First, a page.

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A study examining rates of medical staff recognition of pressure ulceration in hospital inpatients
  1. Jonathan Blackman1,
  2. Joe Walsgrove1,
  3. Indunil Gunawardena2
  1. 1Department of Cardiology, Royal Bournemouth Hospital, Bournemouth, UK
  2. 2Department of Geriatric Medicine, Royal Bournemouth Hospital, Bournemouth, UK
  1. Correspondence to Dr Indunil Gunawardena, Norfolk and Norwich University Hospital, 2 Turnberry, Norwich, NR4 6PX, UK; indunil.gunawardena{at}


Background The incidence of pressure ulceration among UK hospital inpatients has been estimated at 10.2–10.3%. These patients are at increased risk of developing osteomyelitis and subsequent sepsis. This study sought to test whether medical staff recognition rates of hospital inpatients with pressure ulceration were low and to consider underlying causes and potential solutions.

Methods Interviews were conducted with nursing staff on multiple wards in July 2012 to obtain a definitive list of patients with pressure ulcers, with their corresponding location and grade. Junior members of medical teams with responsibility for the same group of patients were independently interviewed and asked to identify all patients who they knew to have pressure ulcers. The number correctly identified by the medical teams was compared with the total number of known pressure ulcers to produce a recognition rate. Patients with clinical evidence of sepsis were highlighted.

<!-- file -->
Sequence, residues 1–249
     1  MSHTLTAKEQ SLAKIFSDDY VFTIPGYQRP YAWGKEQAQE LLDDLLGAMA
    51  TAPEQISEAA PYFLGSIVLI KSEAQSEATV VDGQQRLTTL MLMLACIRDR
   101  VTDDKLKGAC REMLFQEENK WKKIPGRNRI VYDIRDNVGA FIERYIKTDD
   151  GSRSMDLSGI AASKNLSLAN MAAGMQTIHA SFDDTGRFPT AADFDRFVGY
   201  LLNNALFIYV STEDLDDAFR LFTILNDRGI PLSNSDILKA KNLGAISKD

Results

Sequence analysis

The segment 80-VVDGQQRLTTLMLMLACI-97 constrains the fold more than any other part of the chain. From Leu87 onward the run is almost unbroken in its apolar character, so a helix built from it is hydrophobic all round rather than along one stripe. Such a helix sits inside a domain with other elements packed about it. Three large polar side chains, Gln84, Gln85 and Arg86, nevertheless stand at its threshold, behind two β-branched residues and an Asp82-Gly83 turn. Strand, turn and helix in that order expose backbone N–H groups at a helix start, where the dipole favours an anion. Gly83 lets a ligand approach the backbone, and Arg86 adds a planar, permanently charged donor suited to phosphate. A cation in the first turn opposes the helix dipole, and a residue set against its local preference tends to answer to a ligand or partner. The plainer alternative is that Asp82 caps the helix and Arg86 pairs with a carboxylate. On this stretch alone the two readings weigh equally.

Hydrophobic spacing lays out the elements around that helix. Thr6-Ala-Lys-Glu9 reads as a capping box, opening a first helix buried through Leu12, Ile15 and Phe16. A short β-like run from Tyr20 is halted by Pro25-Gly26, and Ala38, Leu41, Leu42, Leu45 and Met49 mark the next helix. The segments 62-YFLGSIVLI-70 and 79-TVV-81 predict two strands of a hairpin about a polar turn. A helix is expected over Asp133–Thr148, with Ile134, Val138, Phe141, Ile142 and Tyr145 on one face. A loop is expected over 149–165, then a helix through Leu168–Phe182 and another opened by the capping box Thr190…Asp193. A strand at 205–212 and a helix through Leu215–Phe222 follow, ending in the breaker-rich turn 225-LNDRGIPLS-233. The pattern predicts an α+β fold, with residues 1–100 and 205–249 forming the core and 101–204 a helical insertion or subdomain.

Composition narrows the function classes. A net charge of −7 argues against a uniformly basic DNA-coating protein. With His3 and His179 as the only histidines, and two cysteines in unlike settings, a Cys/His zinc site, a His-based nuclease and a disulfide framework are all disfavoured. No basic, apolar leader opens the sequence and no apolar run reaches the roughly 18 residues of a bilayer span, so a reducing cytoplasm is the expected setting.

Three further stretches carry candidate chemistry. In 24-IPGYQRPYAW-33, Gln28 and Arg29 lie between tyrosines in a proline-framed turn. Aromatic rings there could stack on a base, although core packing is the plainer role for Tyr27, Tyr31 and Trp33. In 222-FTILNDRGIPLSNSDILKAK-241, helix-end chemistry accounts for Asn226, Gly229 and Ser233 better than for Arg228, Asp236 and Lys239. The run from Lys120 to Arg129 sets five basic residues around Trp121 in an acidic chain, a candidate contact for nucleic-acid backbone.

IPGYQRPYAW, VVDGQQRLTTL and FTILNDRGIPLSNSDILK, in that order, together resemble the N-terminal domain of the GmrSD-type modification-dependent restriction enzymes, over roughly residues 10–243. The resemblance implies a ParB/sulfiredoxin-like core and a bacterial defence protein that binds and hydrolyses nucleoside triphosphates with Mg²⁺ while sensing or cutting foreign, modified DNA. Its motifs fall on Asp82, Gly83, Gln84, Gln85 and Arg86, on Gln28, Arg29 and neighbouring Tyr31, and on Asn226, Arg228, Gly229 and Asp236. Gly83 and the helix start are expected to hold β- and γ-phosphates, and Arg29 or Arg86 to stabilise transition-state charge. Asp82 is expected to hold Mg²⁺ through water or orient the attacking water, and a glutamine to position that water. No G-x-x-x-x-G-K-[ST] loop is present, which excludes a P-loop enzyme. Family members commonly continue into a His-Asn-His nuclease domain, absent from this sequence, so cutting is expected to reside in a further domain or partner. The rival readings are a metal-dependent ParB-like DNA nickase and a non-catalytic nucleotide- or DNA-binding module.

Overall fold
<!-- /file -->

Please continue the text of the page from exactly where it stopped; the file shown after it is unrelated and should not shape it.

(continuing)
Results Twenty-seven patients on five wards were identified by nursing staff as having pressure ulceration areas. Nine patients were stated to have multiple pressure ulceration areas, giving a total of 38 pressure ulcers. Medical teams correctly identified eight of 27 (29.6%) of these patients. The correct site and grade was identified in four of 38 (10.5%) and two of 38 (5.3%) cases, respectively. Of these patients 14/27 (51.8%) had evidence of infection. In this subgroup five of 14 (35.7%) were correctly identified as having pressure ulceration areas.

Conclusions The lack of medical awareness could lead to delayed recognition of deep-seated infection or osteomyelitis. Reasons for this are likely to be multifactorial and require a combination of cultural change, improved education and improved information sharing.

  • Geriatric Medicine
  • Wound Management

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